I Spend a Week Using Only Public Charging for the Cheapest New EV. It’s Much Harder Than I Expected

Public charging is surprisingly hard, AND expensive!

Tommy shoots this video with the idea to charge his 2023 Chevrolet Bolt all week, just using the public charging.

Starting at Denver International Airports public parking, Tommy uses the airport’s free public charger to fill up his Chevy Bolt, which isn’t exactly free as the garage charges for parking. From there, Tommy attempts to use the world of public charging to keep his Bolt going. That means: no (free) charging at home, or at work.

We’ve received thousands of comments regarding one of the biggest issues of electric vehicle ownership: public charging. Be it the poorly functioning charging infrastructure, or lack of options for urban dwellings, public charging is fraught with problems. Not everyone has the luxury to charge at home or work, much less have the ability to pony up time and money for fast charging.

With this in mind: Tommy heads into his busy week with a fully charged car.

Over the course of seven days, Tommy takes us through a personal video blog highlighting every stop needed, and how he solves each charge challenge. In one week, Tommy used three level II chargers, three DC fast chargers and three “free” chargers. He also encountered several broken chargers. Several times, he had to make sacrifices to balance his time and slow charge rate (the Bolt charges at a max of 55 kWh). Things got challenging.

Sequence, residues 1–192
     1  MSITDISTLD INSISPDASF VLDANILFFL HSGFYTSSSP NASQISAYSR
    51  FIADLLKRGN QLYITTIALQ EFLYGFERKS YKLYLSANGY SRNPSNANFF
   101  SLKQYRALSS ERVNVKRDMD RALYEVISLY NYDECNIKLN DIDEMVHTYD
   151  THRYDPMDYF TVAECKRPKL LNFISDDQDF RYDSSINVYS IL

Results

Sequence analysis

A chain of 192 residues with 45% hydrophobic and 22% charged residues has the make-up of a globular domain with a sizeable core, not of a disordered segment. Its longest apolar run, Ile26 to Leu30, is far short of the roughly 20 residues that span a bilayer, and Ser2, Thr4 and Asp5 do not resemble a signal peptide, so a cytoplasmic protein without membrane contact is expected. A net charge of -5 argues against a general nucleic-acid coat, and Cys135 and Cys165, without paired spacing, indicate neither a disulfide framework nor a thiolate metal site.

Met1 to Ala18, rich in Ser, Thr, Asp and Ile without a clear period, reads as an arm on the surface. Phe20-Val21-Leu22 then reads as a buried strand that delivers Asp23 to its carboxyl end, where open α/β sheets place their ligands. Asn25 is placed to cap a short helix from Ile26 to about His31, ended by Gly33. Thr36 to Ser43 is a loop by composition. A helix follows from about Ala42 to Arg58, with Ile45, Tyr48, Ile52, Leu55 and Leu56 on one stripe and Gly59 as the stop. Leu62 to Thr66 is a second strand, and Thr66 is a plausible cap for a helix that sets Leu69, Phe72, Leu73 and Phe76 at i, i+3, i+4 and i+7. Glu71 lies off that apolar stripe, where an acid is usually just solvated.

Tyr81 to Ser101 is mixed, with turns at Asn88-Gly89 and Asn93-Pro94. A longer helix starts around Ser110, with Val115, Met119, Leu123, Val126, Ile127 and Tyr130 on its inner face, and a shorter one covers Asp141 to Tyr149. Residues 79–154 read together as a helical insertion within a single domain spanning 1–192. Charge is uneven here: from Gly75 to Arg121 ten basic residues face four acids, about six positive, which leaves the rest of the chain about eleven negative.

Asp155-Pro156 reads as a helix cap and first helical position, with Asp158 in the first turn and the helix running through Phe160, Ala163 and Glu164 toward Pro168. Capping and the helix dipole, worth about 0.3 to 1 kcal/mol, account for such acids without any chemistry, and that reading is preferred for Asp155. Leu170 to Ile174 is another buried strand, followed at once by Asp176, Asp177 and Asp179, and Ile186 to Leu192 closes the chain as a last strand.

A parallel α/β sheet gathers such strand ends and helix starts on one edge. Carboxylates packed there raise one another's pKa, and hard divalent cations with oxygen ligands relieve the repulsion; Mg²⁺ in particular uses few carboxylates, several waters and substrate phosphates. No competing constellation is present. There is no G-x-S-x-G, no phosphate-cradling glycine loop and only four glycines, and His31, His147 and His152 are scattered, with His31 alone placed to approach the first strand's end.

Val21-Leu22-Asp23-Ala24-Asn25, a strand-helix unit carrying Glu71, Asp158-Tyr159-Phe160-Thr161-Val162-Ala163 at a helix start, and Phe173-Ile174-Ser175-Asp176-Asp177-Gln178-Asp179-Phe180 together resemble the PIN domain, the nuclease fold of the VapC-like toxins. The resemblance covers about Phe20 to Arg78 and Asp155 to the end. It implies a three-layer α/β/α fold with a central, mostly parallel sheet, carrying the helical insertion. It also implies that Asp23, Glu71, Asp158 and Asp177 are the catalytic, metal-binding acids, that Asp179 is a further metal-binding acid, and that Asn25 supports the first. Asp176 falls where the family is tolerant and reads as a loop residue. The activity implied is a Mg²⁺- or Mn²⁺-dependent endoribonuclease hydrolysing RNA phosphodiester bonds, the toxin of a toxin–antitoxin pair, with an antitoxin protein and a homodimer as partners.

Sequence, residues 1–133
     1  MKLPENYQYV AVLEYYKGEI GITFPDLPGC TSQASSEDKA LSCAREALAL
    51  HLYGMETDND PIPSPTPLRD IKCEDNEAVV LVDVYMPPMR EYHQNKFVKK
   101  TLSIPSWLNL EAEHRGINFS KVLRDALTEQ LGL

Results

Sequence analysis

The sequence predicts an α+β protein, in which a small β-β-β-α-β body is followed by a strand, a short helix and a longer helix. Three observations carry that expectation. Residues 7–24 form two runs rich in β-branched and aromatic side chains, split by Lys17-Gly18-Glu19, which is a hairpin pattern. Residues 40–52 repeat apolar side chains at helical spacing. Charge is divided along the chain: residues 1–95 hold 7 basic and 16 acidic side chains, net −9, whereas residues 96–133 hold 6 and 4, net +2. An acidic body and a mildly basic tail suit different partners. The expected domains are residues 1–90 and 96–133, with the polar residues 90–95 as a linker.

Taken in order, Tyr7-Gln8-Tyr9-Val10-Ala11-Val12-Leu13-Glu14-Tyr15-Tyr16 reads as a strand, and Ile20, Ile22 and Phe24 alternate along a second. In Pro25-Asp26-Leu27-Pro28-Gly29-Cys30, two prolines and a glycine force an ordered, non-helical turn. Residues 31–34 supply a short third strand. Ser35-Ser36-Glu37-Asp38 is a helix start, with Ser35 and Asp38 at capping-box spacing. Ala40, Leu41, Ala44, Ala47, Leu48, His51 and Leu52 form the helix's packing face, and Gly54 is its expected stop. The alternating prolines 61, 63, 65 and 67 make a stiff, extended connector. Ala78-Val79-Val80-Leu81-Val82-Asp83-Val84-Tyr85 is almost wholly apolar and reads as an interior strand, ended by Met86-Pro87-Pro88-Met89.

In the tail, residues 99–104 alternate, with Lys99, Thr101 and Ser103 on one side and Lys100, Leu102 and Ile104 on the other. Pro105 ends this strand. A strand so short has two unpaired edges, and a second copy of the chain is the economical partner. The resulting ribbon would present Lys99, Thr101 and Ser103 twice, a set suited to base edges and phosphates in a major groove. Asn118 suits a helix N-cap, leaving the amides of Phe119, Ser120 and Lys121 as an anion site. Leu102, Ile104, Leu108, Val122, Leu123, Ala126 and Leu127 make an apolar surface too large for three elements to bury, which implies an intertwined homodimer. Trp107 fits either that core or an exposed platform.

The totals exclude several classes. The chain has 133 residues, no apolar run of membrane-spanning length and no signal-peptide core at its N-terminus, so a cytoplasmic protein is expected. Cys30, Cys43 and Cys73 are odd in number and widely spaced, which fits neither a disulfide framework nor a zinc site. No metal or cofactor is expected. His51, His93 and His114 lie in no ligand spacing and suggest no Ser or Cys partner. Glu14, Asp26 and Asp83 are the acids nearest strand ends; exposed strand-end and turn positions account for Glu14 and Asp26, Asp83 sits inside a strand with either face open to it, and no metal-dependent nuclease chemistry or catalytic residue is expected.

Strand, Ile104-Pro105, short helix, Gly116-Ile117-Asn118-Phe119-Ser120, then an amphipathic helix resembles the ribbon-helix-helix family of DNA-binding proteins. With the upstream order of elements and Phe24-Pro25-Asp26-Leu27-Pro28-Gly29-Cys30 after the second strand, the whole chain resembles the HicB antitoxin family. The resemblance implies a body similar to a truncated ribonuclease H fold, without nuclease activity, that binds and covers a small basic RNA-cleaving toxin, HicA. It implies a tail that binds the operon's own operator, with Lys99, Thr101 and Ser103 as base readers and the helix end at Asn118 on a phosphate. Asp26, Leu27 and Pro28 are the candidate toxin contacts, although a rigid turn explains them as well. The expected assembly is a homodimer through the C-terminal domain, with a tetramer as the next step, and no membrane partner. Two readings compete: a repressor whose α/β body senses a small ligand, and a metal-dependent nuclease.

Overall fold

Believe it or not, Tesla may come to the rescue soon.

At least 7,500 chargers from Tesla’s network are supposed to be available for all EVs by the end of next year. This should include at least 3,500 new and existing superchargers and 4,000 slower destination chargers at public commerce locations. This is part of an agreement with the president’s administration as they gear up to open 500,000 charging stations by 2030.

Simply put: when/if these Tesla stations open up to the public, it could take a lot of the sting out of finding a functioning charging station. On top of that, the more electric networks that open, the pricing may stabilize. It looks like Tesla’s ‘Magic Dock’ will begin to show up shortly. No word on charging fees yet.

Over the course of one week, Tommy traveled 486 miles, and he spent $20.94 to make it through.